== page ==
Common Writing Mistakes to Avoid – Part 1

What better way to end the year than with a timely reminder of how to avoid those common writing mistakes that plague all writers?  We’re all guilty; we all fall prey to them from time to time – no one is perfect.
Writing is never static – we are constantly learning as we go, and even the most experienced writers have to double check themselves to catch even the most obvious errors.
We’ll be looking in more detail at these very common mistakes:

  • Show, don’t tell
  • Viewpoint/POV
  • Prologues/Info dumps/indirect exposition
  • Superfluous description
  • Hanging participles/dangling modifiers
  • Tenses
  • Incorrect punctuation
  • Description – or lack of it
  • Dialogue Tags
  • Going to/starting to/began to

Show, Don’t Tell
This is probably the most common mistake that writers make. Telling a story is one thing, but ‘showing’ a story is another. So instead of writing flat, dull, unimaginative description that does nothing for the story, show the reader, let them visualise what you describe. Show them with atmosphere, emotion, thoughts, the five senses, actions and dialogue etc.  Enhance the story and make it real for the reader, so that they become emotionally invested enough to want to experience the story on a deeper level.
Telling just doesn’t cut it. You need to show the reader. Let the characters show the reader their thoughts and feelings. Let their actions show the reader. Let the descriptions show the reader. Don’t just tell them.
Knowing which POV will work for your novel/short story is important, because each one is different in many ways and can offer readers different perspectives.  
Certain genres benefit from first person, because it creates immediacy and reader connection. This is because it can only be told from the protagonist’s viewpoint. Everything is felt through the main character.  It’s used effectively in literary fiction and young adult fiction, although it has to be said that this POV lacks the emotional punch of third person. The same is true with short stories, which are more personal if told from a first person POV.
Third person POV, on the other hand, provides a broad spectrum of experiences and emotions which can be explored through all the main characters in order to tell the story. It may not have the same immediacy as first person, but it more than makes up for it in pure detail.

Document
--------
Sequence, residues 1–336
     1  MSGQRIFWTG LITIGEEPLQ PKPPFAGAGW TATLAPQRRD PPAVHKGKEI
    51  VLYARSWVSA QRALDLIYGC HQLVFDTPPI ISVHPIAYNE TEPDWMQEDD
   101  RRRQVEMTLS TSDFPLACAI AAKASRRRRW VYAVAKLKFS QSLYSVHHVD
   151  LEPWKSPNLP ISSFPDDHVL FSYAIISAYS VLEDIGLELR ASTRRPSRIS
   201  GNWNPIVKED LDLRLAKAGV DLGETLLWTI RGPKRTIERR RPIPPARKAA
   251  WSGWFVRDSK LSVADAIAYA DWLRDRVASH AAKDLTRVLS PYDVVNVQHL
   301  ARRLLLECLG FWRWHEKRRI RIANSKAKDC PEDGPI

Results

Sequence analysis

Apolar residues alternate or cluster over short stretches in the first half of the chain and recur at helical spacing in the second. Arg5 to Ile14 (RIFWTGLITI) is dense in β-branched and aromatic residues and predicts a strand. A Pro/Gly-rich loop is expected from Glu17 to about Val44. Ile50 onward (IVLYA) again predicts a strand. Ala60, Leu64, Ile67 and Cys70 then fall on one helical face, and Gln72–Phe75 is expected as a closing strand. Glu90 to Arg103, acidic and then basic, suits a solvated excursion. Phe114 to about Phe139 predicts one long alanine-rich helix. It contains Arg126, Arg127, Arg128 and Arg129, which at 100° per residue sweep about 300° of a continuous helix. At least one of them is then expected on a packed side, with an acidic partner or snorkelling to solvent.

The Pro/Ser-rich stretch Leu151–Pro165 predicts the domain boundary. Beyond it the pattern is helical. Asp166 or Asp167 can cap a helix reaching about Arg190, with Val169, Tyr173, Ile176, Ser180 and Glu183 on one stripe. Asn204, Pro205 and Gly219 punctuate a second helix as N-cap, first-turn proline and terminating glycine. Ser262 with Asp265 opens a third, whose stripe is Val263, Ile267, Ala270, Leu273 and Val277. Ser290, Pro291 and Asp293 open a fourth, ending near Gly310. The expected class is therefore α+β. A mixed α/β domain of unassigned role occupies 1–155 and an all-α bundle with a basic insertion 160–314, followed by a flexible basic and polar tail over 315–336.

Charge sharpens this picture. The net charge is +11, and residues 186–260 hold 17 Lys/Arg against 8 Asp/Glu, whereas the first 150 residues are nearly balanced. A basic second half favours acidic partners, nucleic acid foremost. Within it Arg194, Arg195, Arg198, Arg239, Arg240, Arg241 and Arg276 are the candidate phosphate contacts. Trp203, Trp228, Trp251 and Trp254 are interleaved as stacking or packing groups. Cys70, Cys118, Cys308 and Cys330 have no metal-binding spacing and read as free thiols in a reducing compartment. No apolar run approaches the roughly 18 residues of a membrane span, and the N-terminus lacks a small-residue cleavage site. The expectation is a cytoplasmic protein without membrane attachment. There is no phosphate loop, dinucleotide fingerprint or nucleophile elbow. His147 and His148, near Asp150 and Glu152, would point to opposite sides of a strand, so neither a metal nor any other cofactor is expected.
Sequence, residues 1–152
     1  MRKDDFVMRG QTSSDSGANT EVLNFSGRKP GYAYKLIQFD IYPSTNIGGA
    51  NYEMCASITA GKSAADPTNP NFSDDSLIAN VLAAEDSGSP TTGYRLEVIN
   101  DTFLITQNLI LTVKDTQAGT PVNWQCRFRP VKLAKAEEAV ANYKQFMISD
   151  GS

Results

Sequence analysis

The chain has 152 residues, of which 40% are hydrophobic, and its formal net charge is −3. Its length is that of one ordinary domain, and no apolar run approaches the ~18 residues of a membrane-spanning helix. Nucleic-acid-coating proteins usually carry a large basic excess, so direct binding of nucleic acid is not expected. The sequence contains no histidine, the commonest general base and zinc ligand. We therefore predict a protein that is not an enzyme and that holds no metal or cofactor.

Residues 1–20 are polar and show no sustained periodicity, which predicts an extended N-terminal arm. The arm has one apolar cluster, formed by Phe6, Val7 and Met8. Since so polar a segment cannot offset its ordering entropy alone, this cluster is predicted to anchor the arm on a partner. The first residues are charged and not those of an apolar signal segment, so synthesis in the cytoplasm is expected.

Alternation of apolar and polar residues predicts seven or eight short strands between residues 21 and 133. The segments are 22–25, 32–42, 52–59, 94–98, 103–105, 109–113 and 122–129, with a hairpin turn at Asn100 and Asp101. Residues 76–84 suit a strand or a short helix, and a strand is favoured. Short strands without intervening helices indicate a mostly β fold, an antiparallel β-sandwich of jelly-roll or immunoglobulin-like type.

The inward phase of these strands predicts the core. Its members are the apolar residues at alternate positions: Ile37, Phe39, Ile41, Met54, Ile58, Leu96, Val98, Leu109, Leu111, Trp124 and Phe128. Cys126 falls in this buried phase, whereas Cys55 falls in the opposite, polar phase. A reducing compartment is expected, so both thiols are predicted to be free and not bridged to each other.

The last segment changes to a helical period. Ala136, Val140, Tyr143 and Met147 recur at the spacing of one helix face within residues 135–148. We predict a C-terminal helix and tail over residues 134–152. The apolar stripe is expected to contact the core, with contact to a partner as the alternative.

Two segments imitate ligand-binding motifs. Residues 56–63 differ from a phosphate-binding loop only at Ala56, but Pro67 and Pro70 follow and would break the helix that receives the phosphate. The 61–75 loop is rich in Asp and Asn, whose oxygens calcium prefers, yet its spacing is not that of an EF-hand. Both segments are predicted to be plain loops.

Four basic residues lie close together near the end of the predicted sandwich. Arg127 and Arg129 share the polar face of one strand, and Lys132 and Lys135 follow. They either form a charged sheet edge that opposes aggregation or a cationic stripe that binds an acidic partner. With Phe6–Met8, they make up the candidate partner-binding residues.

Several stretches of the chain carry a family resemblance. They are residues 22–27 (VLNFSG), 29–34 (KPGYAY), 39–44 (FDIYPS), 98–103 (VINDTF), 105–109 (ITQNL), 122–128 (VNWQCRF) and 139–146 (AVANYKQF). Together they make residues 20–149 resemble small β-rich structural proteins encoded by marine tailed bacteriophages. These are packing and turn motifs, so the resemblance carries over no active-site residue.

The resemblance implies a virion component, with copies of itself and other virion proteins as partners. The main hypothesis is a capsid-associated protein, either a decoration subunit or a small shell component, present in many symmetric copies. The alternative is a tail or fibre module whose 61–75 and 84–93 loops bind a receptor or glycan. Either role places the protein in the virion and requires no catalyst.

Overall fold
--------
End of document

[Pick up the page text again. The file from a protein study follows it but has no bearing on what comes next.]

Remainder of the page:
Writers often choose the wrong POV for the type of story they want to tell. Choose wisely and if necessary, experiment which point of view works best for the story.
The other grave mistake is flipping from one character viewpoint to another in the same scene, commonly known as ‘head-hopping’. You can only write one character viewpoint at a time in any given scene.
One last mistake is that authors fall into is the habit of revealing information to the reader that the main character does not or cannot possibly know. This is surprisingly common because of the omniscient voice; however your main character won’t know everything that is going on. It’s impossible.
The main character won’t know what another person is thinking or feeling, yet writers make the mistake of telling their readers. Or they write about another character’s movements that are not privy to the main character, while still in the protagonist’s viewpoint. These are common errors, so be careful about the information you impart while in a particular POV.
Prologues/ Info Dumps/Indirect Exposition
This is a very common writing error, which almost all writers have made at one time or another.  
Prologues, info dumps and indirect exposition all slow the story down or cause the narrative to stutter, and this is simply because it lacks pace or it’s just not dynamic enough. Narrative needs to have pace – action scenes require a quicker pace, while reflective scenes should slow the pace, and normal narrative/descriptive scenes should be mid-paced.  
A prologue will defeat any attention-grabbing opener because all it does is explain stuff that normally isn’t included in the main story. Prologues are not dynamic by nature – they plod. If the intention is to grab the reader and grip them from the outset, a prologue can be considered the complete opposite and may well send the reader to sleep.
Info dumps also bore the reader. They don’t want to be confronted by huge chucks of information that could be better spread throughout the story at the right moments and in a subtle way. Important information is needed to help the story, but reveal it when it’s necessary, not in large doses, and especially not in the first chapter.